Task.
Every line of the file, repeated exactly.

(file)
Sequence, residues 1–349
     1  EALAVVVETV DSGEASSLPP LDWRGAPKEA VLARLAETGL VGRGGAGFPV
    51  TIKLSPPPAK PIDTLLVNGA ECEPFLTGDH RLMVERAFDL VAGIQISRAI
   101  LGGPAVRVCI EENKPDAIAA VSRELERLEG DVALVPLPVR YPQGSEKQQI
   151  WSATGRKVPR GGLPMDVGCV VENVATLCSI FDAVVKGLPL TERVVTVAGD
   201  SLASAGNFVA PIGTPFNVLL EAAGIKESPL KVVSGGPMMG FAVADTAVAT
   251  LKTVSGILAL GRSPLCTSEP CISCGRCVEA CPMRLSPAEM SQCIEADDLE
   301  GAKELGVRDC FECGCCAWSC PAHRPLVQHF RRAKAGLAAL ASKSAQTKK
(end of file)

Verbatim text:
Sequence, residues 1–349
     1  EALAVVVETV DSGEASSLPP LDWRGAPKEA VLARLAETGL VGRGGAGFPV
    51  TIKLSPPPAK PIDTLLVNGA ECEPFLTGDH RLMVERAFDL VAGIQISRAI
   101  LGGPAVRVCI EENKPDAIAA VSRELERLEG DVALVPLPVR YPQGSEKQQI
   151  WSATGRKVPR GGLPMDVGCV VENVATLCSI FDAVVKGLPL TERVVTVAGD
   201  SLASAGNFVA PIGTPFNVLL EAAGIKESPL KVVSGGPMMG FAVADTAVAT
   251  LKTVSGILAL GRSPLCTSEP CISCGRCVEA CPMRLSPAEM SQCIEADDLE
   301  GAKELGVRDC FECGCCAWSC PAHRPLVQHF RRAKAGLAAL ASKSAQTKK